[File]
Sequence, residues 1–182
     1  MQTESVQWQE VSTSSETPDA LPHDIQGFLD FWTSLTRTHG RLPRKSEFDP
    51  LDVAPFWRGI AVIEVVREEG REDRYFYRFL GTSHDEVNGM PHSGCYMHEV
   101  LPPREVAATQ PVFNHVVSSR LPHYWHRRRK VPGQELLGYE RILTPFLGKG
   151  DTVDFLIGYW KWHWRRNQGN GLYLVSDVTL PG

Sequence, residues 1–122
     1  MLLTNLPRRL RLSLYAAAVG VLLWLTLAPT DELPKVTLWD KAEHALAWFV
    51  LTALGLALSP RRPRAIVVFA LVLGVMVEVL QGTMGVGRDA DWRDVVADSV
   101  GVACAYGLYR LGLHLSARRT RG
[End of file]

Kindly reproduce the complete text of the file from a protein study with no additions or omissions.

Sequence, residues 1–182
     1  MQTESVQWQE VSTSSETPDA LPHDIQGFLD FWTSLTRTHG RLPRKSEFDP
    51  LDVAPFWRGI AVIEVVREEG REDRYFYRFL GTSHDEVNGM PHSGCYMHEV
   101  LPPREVAATQ PVFNHVVSSR LPHYWHRRRK VPGQELLGYE RILTPFLGKG
   151  DTVDFLIGYW KWHWRRNQGN GLYLVSDVTL PG

Sequence, residues 1–122
     1  MLLTNLPRRL RLSLYAAAVG VLLWLTLAPT DELPKVTLWD KAEHALAWFV
    51  LTALGLALSP RRPRAIVVFA LVLGVMVEVL QGTMGVGRDA DWRDVVADSV
   101  GVACAYGLYR LGLHLSARRT RG